Not a good night story

The bedtime battle is hard, and last night’s was exceptionally tough. To begin with, yesterday wasn’t a great day. Adam (my hubby) went back to work after 5 days off sick (both us and the kids), and it was another day at home with the kids who still aren’t feeling 100%. They were all very clingy and I couldn’t leave them or put them down without tears, which is tough when there are 3 of them. It was a long day and by the time Adam got home from work, I was spent. He ran me a bath to soak away my frustrations, while he fed the twins their dinner (very lucky I know), and I came out feeling refreshed and ready to tackle the rest of the night. We got the twins into bed and went through the usual routine with Mr 3y.o, who was having his first night back in his bed after spending a few nights on a mattress in our room while he was sick.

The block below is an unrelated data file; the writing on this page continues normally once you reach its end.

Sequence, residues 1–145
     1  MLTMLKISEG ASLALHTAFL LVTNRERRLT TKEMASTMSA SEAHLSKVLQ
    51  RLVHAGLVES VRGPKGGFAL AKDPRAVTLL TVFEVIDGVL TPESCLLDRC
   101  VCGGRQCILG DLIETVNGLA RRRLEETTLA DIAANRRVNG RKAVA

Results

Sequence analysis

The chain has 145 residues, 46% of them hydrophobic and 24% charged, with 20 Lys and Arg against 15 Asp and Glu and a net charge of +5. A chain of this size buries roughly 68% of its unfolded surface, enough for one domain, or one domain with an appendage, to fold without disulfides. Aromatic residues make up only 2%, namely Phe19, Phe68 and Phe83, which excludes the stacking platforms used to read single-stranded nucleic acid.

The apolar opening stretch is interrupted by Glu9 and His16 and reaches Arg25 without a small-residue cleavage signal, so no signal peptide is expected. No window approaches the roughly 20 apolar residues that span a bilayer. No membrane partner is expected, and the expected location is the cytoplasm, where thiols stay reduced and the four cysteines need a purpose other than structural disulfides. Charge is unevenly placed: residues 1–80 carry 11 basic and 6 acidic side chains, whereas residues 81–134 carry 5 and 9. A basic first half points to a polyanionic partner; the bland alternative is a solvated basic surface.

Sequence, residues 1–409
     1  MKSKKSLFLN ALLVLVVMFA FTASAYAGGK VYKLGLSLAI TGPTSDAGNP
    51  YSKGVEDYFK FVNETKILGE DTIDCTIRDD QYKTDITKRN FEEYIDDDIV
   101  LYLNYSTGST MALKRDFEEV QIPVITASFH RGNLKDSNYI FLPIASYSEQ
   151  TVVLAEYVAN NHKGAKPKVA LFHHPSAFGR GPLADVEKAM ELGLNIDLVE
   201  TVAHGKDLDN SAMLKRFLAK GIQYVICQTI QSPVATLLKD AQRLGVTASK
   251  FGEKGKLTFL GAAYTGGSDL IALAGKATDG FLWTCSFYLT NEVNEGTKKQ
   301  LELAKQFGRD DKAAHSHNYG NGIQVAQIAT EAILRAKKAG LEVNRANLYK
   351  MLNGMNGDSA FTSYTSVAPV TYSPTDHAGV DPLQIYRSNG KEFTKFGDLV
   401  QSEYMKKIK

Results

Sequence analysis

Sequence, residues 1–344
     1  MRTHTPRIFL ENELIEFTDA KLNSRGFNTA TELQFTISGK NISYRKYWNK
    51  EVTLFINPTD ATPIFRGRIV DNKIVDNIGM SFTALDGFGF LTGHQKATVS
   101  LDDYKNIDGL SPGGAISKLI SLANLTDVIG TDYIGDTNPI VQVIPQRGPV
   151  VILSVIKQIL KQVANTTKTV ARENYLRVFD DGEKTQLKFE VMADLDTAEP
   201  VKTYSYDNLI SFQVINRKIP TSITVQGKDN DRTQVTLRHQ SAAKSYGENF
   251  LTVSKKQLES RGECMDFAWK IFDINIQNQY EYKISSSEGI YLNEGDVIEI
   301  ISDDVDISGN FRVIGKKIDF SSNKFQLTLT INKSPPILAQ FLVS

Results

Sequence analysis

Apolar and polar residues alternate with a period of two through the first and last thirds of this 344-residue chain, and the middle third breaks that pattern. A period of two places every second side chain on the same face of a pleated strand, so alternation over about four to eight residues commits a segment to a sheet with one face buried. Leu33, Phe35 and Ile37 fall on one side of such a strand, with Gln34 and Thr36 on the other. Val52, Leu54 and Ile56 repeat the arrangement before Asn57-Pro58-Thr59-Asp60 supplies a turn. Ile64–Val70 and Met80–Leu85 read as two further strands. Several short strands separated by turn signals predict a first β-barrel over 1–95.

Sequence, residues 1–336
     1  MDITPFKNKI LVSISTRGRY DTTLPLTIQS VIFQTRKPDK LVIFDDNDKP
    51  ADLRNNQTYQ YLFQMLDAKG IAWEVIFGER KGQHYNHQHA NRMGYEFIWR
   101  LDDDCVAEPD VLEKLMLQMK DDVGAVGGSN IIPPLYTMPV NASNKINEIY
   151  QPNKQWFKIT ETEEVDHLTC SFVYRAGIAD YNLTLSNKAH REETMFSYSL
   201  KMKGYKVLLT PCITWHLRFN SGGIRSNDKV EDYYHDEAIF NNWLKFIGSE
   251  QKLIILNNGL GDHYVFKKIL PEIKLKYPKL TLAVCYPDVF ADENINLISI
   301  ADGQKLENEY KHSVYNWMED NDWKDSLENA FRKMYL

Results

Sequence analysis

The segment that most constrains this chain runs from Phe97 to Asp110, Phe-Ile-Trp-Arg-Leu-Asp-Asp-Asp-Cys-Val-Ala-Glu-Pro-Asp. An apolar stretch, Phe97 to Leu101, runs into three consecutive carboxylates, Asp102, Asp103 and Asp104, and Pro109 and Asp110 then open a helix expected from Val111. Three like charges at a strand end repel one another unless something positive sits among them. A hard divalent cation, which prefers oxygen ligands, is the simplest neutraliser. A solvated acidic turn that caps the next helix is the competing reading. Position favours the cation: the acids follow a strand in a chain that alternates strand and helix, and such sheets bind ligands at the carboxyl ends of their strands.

We read a book, discussed the importance of staying in bed and going to sleep, had a cuddle while he got relaxed and sleepy, and I left the room full of hope that the night would be better and that he would go to sleep well. I’d barely made it back to the kitchen when he came bouncing out of his bed (yes, I did say that I’d left him relaxed and sleepy). I took a deep breath and went and tucked him back into bed again, with another cuddle and chat about staying in his bed. After a very short time, he was back out again and this time Adam went to tuck him in. I then lost count of the number of times he came out, and whether it was the noisy rain, he wanted another cuddle, he’d hurt his foot (which wouldn’t have happened if he had stayed in his bed), he had a song to sing, or he just didn’t want to go to sleep. Each time he kicked up more of a fuss until he worked himself up to screaming and crying. It was at this point, and after well over an hour, that my patience ran out and I snapped and joined him in screaming as I put him back to bed. I felt rubbish, but I had had it with the bedtime battle.